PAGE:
Consider alternatives like hydrogen peroxide or henna if you’re prone to contact dermatitis.
Strong fumes from hair bleach can cause headaches or exacerbate existing ones. To prevent this, ensure you’re working in a well-ventilated space.
Open windows and doors or use a fan to circulate fresh air. This will help dilute the fumes and provide a more comfortable environment for your hair bleach application.
Dehydration can contribute to headaches. Ensure you drink enough water before, during, and after your hair bleaching session.
Staying hydrated will not only help prevent headaches but can also improve your health and sense of well-being.
Loose Hair Application
When applying hair bleach, ensure your hair is loosely held and the bleach is not applied too to your scalp. This helps prevent the bleach from trapping heat, which can cause scalp irritation and result in headaches.
By keeping the hair application loose, you’ll be more comfortable throughout the process. This lessen the likelihood of experiencing a headache after bleaching.
Alternatives To Prevent Post-bleach Headaches
If bleaching gives you headaches, consider using semi-permanent dyes like henna. Henna is a natural dye derived from the leaves of the henna plant, Lawsonia inermis.
It’s a powder that you mix into a paste and applied to your hair. Henna doesn’t damage your hair and may even provide some conditioning effects.
Remember that semi-permanent dyes will fade over time. They usually last around 4 to 12 shampoos, depending on the brand you choose.
The good news is that you can reapply semi-permanent hair dyes without causing extra damage to your hair.
Keep in mind that henna and other semi-permanent dyes provide limited color options compared to permanent dyes.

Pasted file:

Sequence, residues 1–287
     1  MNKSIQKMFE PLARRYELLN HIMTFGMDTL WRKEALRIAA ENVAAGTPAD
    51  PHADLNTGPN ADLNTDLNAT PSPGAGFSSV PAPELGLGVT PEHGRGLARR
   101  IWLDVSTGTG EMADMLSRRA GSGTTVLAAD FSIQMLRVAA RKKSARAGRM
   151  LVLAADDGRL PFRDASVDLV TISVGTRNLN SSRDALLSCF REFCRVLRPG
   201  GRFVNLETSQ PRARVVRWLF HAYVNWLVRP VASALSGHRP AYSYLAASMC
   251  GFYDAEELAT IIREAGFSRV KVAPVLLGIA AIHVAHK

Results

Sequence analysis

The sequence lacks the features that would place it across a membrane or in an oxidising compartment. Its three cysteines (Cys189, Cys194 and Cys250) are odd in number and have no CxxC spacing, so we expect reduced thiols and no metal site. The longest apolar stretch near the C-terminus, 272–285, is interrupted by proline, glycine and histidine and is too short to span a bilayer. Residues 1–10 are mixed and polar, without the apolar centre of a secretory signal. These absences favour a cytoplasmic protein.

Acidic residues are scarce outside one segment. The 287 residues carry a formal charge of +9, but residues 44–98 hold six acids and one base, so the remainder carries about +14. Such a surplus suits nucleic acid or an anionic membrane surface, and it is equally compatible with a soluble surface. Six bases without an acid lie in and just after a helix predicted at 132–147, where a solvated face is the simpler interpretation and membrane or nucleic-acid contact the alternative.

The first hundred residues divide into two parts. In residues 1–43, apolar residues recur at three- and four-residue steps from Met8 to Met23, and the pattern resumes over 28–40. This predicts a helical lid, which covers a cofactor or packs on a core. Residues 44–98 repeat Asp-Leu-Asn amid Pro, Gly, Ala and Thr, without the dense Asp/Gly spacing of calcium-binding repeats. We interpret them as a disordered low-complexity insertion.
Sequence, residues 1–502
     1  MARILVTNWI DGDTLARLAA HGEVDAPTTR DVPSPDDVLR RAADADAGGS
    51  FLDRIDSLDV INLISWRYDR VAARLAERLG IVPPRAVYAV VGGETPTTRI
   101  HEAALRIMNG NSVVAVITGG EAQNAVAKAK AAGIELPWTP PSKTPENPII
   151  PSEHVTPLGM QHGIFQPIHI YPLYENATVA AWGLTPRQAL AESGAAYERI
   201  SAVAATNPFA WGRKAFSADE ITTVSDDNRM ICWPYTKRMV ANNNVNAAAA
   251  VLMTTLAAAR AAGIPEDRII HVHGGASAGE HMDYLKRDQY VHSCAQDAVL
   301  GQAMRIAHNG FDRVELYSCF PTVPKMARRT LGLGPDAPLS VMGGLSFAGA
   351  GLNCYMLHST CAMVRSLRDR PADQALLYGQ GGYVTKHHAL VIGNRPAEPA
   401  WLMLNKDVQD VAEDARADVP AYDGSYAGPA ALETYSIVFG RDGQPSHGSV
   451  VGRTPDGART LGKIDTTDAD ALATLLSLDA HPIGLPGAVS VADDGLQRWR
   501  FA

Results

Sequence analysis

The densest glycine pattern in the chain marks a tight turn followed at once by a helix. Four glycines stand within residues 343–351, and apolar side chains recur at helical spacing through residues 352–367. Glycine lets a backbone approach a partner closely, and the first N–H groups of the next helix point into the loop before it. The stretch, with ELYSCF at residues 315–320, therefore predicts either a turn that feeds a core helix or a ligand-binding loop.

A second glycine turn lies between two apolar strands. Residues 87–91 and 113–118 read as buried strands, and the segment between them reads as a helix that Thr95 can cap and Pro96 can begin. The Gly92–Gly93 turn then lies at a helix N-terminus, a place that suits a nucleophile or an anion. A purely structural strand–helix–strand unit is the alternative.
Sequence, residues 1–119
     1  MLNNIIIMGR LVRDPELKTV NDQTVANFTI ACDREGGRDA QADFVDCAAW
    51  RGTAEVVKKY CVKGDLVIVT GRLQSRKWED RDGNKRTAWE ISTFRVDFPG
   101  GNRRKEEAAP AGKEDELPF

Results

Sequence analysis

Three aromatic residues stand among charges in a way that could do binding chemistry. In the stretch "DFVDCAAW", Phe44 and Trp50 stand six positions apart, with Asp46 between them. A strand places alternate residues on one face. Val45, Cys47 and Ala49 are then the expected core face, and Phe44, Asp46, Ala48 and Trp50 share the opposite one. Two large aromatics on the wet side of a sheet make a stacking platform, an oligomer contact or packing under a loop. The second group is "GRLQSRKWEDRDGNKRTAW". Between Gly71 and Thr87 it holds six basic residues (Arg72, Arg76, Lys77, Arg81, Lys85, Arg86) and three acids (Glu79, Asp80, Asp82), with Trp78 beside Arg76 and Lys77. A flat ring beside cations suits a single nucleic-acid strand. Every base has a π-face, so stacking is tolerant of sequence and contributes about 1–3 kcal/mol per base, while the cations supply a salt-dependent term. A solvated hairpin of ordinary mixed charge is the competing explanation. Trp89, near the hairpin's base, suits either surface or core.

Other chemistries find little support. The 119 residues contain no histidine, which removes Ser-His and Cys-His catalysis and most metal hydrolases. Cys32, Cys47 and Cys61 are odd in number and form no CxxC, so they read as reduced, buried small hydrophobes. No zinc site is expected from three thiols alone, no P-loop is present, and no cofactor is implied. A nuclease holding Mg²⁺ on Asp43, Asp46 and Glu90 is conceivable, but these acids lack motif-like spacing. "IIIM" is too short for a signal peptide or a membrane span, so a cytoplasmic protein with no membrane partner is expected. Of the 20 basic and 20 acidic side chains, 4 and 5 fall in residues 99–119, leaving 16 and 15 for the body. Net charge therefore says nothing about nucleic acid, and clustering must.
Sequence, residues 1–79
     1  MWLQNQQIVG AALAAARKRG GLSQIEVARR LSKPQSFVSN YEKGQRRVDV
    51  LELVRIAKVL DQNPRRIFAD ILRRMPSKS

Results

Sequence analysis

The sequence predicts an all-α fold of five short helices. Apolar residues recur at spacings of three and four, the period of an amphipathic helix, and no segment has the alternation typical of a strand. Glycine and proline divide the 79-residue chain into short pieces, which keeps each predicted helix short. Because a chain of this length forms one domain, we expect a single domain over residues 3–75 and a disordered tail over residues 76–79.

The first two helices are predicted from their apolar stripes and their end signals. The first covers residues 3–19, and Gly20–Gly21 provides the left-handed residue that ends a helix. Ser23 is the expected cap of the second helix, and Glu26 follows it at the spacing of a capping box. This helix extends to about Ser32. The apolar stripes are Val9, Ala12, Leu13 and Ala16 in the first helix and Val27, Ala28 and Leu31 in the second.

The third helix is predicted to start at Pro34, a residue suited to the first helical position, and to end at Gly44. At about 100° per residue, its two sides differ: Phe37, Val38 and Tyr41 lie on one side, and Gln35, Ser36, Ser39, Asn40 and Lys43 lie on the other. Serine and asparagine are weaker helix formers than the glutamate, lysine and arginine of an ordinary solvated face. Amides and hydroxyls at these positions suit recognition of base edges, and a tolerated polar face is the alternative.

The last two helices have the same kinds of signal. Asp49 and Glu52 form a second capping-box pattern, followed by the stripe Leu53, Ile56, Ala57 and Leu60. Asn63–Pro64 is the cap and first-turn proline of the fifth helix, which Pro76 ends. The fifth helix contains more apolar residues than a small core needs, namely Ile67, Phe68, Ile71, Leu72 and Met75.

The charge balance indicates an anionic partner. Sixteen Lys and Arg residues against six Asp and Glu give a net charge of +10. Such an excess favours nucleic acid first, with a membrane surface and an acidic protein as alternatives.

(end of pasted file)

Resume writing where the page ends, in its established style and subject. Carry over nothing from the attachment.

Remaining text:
Henna generally gives a reddish tint, but you can find products that add other natural ingredients to create a wider range of colors.
Ingredients To Look For
Besides henna, other natural and gentle ingredients to look for in semi-permanent hair dyes include:
- Indigo: This is another plant-based dye that can create blue to black shades. You can mix indigo with henna to achieve a shade of brown.
- Beetroot and carrot juice: These natural ingredients can give your hair a temporary reddish tint.
- Chamomile tea: It is a mild and soothing ingredient that can help to lighten your hair.
- Lemon juice: You can use lemon juice for natural, gradual lightening of your hair color.
When to Consult a Medical Professional
If you experience a severe headache after bleaching your hair, pay attention to other accompanying symptoms. Some symptoms to watch out for include:
- Difficulty breathing
- Confusion or trouble understanding speech
- High fever (greater than 102 F to 104 F or 39 C to 40 C)
- Numbness, weakness, or paralysis on one side of your body
- Unrelenting diarrhea
- Vision loss
These symptoms could indicate a more serious issue, and you shouldn’t ignore them. Contact a professional for help.
Frequently Asked Questions
Why do I feel dizzy after dying my hair?
Using products containing strong chemicals can sometimes cause dizziness. These include ammonia and hydrogen peroxide. Breathing in these chemicals may result in nausea or lightheadedness. To avoid this issue, make sure to use hair dye in a well-ventilated area, and take breaks if you start feeling overwhelmed by the smell.
Why does my head feel weird after dying my hair?
Your head might feel weird after dying your hair due to the chemicals in the dye interacting with your scalp and hair. Some people may be more sensitive to these chemicals. They could experience scalp itchiness or mild pain. If your scalp continues to feel strange or irritated after washing out the dye, consult a professional or a dermatologist for advice.
How long does hair dye stay in your bloodstream?
Hair dye doesn’t enter your bloodstream in significant amounts. Most hair dye chemicals interact with the outer layer of your hair and scalp, rather than penetrating deeper into your body. Some people might be more sensitive to these chemicals, and allergic reactions can occur. If you’re concerned about the absorption of hair dye into your body, consider using natural or less potent hair dye products.